Menard edges Blaney for Chicagoland pole

Image by Cantrell/LAT

Menard edges Blaney for Chicagoland pole

Cup Series

Menard edges Blaney for Chicagoland pole


On a brutally hot day at Chicagoland Speedway, Paul Menard earned his second career Monster Energy NASACAR Cup Series pole.

Menard’s best lap of 180.012mph was 0.022s faster than the Wood Brothers car’s previous occupant, Ryan Blaney, who will start second after a lap at 179.880mph.

This marks the first Cup pole in 10 years for Menard, who won his first pole at the July Daytona race in 2008.

“We weren’t very good in practice,” said Menard, who was 15th and 24th in two practice sessions before leading the first round of qualifying. “We did a mock run, I was so loose we had to abort it. Car had speed in all three of those rounds. We got a little too loose in Round 2, and adjusted for it, and Round 3 drove like Round 1 so it was good.

“All the Fords have been fast all year, and we’ve been on the back side of that with the 21,” he added. “We’re playing catch-up a little bit. New group of guys I mean none of us have really worked together before, so we’re all learning each other. Really proud of all of them.”

Blaney admitted it was tough to lose to pole by that small a margin, but “if I had to lose to anybody it’s cool to lose to my former team, Wood Brothers.

“And Paul, they’ve done a good job all year. Cool they got themselves a pole this year, but I think our PPG Ford Fusion is pretty fast, we got better each round. That’s something this team does a really good job of, improving round to round. That’s what you need. Can’t thank everybody enough for working in this heat all day, everybody sticking around, it’s a long day for these guys out here.”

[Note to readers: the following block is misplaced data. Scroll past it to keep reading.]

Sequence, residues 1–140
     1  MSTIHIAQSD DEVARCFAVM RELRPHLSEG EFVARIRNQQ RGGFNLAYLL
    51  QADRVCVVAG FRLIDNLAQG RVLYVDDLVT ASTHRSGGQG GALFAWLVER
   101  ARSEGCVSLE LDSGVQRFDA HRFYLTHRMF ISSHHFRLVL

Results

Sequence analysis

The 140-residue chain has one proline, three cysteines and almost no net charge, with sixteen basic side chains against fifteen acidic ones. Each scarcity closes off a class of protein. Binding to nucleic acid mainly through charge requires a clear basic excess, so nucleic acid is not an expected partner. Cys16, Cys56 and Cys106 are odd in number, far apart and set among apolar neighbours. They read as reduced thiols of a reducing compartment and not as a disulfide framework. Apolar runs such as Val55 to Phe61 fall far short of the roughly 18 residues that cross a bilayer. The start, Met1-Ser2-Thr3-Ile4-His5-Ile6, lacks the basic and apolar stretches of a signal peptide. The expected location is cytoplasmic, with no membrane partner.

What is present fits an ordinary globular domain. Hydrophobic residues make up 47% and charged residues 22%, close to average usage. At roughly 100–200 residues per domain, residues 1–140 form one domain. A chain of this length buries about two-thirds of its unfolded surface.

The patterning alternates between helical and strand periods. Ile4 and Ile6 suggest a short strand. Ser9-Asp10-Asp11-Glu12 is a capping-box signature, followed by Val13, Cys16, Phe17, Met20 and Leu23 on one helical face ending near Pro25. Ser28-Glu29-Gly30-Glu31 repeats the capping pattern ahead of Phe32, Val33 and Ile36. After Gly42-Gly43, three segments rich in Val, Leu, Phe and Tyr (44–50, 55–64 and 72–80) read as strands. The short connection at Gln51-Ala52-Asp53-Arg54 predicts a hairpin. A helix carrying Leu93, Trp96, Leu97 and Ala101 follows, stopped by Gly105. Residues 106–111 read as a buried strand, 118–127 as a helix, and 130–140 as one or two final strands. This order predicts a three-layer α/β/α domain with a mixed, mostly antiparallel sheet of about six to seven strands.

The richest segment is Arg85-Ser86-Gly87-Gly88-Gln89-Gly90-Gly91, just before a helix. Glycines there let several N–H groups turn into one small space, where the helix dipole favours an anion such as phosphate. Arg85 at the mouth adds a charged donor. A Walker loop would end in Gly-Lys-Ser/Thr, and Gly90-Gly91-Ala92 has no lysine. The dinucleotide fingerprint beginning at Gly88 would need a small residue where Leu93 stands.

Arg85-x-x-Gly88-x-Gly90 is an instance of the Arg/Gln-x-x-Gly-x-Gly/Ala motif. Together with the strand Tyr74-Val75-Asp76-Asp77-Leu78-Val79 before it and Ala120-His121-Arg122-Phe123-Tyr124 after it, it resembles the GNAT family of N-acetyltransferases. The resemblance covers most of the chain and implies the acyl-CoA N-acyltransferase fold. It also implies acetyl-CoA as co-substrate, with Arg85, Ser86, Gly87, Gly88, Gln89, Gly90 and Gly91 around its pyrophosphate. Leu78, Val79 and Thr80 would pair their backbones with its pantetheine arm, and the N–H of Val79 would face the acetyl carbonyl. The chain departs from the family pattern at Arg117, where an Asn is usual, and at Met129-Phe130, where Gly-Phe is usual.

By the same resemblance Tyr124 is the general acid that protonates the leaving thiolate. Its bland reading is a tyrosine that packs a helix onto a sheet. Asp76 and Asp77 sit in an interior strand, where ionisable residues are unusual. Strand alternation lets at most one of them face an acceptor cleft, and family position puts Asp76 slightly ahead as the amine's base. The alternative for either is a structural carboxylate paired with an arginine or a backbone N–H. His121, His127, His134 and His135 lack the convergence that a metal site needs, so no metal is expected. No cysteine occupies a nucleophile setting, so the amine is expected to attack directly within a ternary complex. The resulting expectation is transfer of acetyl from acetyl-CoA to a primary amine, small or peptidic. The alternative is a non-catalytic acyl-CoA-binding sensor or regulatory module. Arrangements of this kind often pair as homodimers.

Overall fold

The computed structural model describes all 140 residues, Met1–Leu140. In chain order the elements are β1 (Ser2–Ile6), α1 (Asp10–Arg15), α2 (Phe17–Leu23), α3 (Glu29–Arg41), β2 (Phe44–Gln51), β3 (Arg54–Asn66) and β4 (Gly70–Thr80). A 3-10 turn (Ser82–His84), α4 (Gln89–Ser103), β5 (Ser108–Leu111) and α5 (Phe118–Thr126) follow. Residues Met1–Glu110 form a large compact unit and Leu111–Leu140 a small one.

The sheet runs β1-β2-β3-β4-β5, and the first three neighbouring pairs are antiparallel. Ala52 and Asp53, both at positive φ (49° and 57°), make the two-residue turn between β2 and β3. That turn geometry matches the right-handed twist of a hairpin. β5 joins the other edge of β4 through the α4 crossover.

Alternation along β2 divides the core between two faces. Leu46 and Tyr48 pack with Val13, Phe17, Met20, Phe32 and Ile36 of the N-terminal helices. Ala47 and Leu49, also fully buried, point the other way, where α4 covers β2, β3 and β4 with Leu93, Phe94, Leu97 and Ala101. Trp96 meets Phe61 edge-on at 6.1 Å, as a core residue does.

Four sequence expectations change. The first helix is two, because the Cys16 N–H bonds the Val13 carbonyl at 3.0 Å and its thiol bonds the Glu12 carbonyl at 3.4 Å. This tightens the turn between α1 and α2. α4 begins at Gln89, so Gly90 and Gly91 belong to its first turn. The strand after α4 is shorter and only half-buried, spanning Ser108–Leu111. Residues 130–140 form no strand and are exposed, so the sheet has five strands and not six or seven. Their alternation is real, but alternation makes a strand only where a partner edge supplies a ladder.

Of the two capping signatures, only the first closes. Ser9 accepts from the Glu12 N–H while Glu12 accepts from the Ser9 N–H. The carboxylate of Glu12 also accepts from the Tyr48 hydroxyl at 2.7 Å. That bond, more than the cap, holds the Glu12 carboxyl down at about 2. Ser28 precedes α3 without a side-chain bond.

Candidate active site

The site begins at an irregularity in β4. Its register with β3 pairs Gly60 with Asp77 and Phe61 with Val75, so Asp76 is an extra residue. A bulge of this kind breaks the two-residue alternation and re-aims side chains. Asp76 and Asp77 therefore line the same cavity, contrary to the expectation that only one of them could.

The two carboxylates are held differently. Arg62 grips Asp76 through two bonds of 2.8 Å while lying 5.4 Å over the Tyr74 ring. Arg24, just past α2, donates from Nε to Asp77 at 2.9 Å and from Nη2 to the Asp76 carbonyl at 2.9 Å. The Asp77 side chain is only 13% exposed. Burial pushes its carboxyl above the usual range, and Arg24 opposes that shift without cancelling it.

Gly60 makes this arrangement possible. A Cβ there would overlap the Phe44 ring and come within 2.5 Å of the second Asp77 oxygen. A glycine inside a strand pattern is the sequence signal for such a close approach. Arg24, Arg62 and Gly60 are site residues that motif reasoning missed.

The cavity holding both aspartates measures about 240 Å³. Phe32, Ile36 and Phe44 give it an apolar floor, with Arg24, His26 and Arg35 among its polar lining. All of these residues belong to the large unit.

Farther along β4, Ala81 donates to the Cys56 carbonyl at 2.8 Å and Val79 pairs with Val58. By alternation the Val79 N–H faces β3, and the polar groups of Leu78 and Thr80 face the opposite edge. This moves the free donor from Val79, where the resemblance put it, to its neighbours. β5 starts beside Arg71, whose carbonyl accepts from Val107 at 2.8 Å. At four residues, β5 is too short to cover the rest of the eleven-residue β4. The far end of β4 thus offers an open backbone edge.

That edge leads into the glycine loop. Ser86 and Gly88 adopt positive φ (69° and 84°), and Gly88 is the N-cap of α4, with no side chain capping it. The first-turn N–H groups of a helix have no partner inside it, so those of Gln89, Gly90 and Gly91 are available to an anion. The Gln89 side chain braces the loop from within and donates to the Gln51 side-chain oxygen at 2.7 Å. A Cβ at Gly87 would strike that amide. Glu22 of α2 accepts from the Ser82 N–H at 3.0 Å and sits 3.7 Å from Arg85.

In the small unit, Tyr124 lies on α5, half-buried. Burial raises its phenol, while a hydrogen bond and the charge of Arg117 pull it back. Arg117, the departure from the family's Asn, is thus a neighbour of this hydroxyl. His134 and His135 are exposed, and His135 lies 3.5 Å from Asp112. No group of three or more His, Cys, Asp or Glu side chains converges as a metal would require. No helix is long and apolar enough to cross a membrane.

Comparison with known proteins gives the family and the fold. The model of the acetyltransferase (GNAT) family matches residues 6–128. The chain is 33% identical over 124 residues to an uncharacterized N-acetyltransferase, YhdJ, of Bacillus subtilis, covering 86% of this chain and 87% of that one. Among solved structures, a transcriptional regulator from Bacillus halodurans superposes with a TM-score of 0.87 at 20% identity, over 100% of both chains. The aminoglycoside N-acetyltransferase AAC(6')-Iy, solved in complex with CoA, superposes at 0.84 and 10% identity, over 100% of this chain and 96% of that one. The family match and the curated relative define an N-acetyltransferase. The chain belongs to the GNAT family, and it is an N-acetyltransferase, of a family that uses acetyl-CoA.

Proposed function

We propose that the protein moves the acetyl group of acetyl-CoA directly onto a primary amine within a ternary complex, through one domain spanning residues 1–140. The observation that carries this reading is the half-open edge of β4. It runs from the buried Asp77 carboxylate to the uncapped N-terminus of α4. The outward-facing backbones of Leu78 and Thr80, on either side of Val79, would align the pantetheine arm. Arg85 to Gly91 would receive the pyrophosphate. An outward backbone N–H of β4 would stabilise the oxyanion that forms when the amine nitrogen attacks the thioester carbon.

Chase Elliott, who went to the infield care center after the Xfinity Series race to receive fluids before qualifying, will start third after a lap of 179.748 mph.

“I felt like I got all I could,” Elliott said. “I don’t really know what I could’ve done different in that last round. It was good, much better than we have been qualifying, so it was nice and hopefully turns out that way tomorrow.”

On preparing for the expected heat during tomorrow’s race, Elliott said, “Well, those two bags of fluids I just got at least helps a lot. Obviously, tonight will be important to get back hydrated. The Cup cars are a little cooler than the Xfinity cars.”

Denny Hamlin qualified fourth, followed by a trio of Stewart-Haas Racing drivers, Kurt Busch, Clint Bowyer and Aric Almirola in fifth, sixth and seventh. Brad Keselowski, Team Hendrick rookie William Byron and Erik Jones round out the top 10.

Among those failing to advance to the final 12 were points leader Kyle Busch, Xfinity Series race winner Kyle Larson, Jimmie Johnson, Ricky Stenhouse Jr. and Kevin Harvick, who was edged out in the final seconds of Round 2 by a Keselowski run.

“We were just too loose,” Harvick, who finished second earlier Saturday to Larson in the Xfinity race, told NBC Sports. “We changed a lot on our car from practice, we were too tight in practice, but the impound stuff is a little bit more difficult to hit the qualifying stuff than when it was when it’s a whole qualifying setup.”

All cars went through post-qualifying inspection, and four times were disallowed. Martin Truex Jr will start 36th; Hamlin, who had qualified fourth, will start 37th; Jimmie Johnson will start 38th; and Chris Buescher will start 39th in Sunday’s Overton’s 400 (2:30 p.m. ET on NBCSN, MRN, SiriusXM NASCAR Radio). The cars will be impounded after inspection.